What comes after forgiveness? Depending on the nature of the offense, there may be a prolonged struggle. After all, forgiveness might not come all at once; it may be a daily struggle to forgive that other person. A number of years ago the nation of Rwanda was torn apart by tribal conflict and genocide—you may remember this from the film Hotel Rwanda. After it was all over, the healing had to begin. I say had to, because the nature of the conflict meant that individuals would return home, and literally move back in next to neighbors that had taken the lives of their family members. In her excellent book As We Forgive, Catherine Claire Lawson shares the real-life stories of many who came to understand forgiveness only through the workshops offered through Christian relief workers. One such story comes from “Monique:”
At the workshops, they read stories of forgiveness from the Bible. Monique remembered the stories from childhood, but the words came alive to her again as she heard how Jesus Christ had taken our sins and our sorrows to the cross. [The group leader] explained how this meant that Christ had taken both the sins of the genocidaires and the sorrows of the victims carried those with him to the cross. As an innocent victim, Christ identified with those like Monique who suffered wrongfully. But by laying upon him the sins of the world, Christ also took away the reproach of sinners who would look to him in faith. He forgives. ….Little by little, Monique felt she too could extend forgiveness to the people who had wronged her. (Catherine Claire Lawson, As We Forgive, p. 152-3)
In the ancient city of Ephesus, Paul likewise uses the sacrifice of Christ to describe how Jews and non-Jews could be united despite past cultural differences.
Read Ephesians 2:12-16:
“…remember that you were at that time separated from Christ, alienated from the commonwealth of Israel and strangers to the covenants of promise, having no hope and without God in the world. 13 But now in Christ Jesus you who once were far off have been brought near by the blood of Christ.14 For he himself is our peace, who has made us both one and has broken down in his flesh the dividing wall of hostility 15 by abolishing the law of commandments expressed in ordinances, that he might create in himself one new man in place of the two, so making peace, 16 and might reconcile us both to God in one body through the cross, thereby killing the hostility.” (Ephesians 2:12-16)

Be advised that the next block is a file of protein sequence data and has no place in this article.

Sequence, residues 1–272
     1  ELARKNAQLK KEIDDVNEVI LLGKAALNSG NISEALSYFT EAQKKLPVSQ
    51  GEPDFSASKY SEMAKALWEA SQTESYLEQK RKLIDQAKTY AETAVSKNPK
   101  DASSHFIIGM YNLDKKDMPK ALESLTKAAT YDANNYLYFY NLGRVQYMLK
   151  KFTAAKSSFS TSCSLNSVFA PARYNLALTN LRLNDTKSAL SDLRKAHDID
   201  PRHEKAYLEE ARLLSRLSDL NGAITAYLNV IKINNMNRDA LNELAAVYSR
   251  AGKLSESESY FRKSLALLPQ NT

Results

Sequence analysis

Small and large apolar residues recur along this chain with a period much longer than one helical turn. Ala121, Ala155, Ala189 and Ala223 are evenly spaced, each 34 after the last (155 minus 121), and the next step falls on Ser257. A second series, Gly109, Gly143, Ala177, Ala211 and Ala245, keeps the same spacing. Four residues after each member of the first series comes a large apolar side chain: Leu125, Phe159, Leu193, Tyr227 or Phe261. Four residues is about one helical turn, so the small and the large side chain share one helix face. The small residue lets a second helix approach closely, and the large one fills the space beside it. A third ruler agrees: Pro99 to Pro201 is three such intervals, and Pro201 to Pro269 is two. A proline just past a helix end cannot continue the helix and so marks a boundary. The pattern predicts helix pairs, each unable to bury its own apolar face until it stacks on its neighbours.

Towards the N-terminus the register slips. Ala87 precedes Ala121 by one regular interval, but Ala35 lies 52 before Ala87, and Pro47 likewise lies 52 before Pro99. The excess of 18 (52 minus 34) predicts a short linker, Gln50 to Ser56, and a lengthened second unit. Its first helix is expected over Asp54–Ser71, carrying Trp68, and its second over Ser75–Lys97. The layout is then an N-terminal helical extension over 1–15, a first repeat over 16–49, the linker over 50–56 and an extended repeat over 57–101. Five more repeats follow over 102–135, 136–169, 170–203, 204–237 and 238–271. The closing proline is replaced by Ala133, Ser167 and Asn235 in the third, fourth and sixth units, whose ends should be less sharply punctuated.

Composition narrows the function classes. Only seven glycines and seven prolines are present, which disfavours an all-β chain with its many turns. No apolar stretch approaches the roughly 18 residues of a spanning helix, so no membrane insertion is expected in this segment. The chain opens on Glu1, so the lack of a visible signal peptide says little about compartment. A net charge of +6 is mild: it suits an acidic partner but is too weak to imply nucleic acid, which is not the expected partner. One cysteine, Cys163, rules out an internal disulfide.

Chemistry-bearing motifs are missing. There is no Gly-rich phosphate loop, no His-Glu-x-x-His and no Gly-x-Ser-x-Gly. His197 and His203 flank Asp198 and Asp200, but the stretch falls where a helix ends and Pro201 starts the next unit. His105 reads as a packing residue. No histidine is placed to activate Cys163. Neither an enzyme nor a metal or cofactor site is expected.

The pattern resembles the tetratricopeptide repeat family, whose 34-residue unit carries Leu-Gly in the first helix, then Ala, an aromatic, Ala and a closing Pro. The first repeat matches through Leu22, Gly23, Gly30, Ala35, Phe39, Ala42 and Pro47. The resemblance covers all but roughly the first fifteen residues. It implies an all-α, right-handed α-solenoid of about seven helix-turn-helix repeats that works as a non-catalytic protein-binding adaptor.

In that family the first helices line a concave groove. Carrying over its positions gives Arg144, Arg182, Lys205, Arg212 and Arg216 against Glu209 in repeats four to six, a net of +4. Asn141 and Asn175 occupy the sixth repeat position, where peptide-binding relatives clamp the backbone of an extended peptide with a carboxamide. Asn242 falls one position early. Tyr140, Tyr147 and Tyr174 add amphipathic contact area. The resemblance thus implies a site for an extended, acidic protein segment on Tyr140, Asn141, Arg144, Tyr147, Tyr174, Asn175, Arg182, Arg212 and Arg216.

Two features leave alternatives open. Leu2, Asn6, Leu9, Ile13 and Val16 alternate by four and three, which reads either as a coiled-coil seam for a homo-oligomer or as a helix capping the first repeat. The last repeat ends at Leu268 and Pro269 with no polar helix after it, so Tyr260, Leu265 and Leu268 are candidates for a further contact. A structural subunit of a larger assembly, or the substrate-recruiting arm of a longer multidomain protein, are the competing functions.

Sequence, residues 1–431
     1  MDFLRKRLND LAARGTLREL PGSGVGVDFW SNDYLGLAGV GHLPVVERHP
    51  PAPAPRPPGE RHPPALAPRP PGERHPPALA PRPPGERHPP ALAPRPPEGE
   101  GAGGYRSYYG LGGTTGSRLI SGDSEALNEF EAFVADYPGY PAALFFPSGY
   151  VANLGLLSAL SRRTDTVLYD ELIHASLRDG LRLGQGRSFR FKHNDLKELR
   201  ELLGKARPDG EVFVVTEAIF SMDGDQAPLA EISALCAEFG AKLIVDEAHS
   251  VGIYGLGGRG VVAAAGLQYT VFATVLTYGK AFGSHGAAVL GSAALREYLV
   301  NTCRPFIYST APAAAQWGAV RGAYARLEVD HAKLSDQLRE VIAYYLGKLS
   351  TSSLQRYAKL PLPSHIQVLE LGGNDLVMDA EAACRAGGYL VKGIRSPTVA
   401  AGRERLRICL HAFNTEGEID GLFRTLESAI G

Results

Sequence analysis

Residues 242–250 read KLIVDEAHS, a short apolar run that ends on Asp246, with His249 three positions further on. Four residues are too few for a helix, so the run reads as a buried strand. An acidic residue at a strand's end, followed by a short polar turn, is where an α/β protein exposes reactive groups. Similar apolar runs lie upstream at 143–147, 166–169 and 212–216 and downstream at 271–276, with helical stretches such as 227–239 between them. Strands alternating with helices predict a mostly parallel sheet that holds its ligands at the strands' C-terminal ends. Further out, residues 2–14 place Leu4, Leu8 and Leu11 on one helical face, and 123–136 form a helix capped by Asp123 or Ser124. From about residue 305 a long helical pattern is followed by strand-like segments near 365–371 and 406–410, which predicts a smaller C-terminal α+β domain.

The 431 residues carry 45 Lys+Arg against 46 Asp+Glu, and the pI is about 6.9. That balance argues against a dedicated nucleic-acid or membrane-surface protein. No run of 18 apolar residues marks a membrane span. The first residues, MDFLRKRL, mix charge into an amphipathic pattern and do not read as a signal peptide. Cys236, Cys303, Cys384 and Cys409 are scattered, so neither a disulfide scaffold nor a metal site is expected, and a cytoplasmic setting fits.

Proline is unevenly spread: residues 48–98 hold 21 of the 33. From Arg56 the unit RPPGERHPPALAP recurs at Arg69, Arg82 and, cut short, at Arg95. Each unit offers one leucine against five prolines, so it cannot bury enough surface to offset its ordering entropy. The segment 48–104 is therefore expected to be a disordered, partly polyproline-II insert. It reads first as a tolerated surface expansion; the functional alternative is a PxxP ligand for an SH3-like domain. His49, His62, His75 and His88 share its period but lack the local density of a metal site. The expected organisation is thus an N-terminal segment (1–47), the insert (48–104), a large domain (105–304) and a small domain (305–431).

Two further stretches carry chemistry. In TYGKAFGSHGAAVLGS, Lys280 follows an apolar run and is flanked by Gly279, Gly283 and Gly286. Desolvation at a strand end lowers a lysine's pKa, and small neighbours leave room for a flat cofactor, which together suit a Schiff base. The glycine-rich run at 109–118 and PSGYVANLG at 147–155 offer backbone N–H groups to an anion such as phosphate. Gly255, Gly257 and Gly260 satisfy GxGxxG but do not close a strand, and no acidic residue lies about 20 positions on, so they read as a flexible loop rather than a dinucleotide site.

The New Testament describes reconciliation—a restored relationship—as the ideal. Why might this be so difficult to achieve?
In recent months, a nation expressed outrage over the deception of Brian Williams. But in an op-ed piece for the New York Times, David Brooks raises the possibility of forgiveness. He asks:
“…the larger question is how we build community in the face of scandal. Do we exile the offender or heal the relationship? Would you rather become the sort of person who excludes, or one who offers tough but healing love?” (David Brooks, “The Art of Rigorous Forgiveness,” in The New York Times, February 10, 2015)
Brooks goes on to describe a four-stage process of reconciliation:
- Pre-emptive mercy: the act of extending forgiveness before the offender does a single thing.
- Judgment: being willing to label the offense as wrong, and seeing it without exaggerating or minimizing the offense.
- Confession and repentance: when the offender recognizes and changes their attitude toward their wrongdoing.
- Reconciliation and re-trust: a restored relationship between myself and my offender.
Again, the New Testament ideal is to move us to stage 4. But let’s pause for a second—is this even possible in every situation? For some, reconciliation without confession and judgment only serves to enable my offender. It hasn’t healed the problem, only sugared over it. So there may be situations where the offender refuses—for whatever reason—to come to terms with their offense. In such situations, it may actually be unloving to pursue a relationship with that person until that offense has been dealt with.
We’ll return to this question in tomorrow’s post. For now we can simply recognize that for Christians, forgiveness is an extension of God’s love; but reconciliation is not always possible. What forgiveness means is that I no longer hold the past as a barrier to future relationship, though always recognizing that future relationships can be made possible through ongoing behavior.
The initial challenge, therefore, is to practice that “pre-emptive mercy” and to lay aside the anger we feel toward our offender. Only then can we be released from carrying a grudge and can extend a hand in love.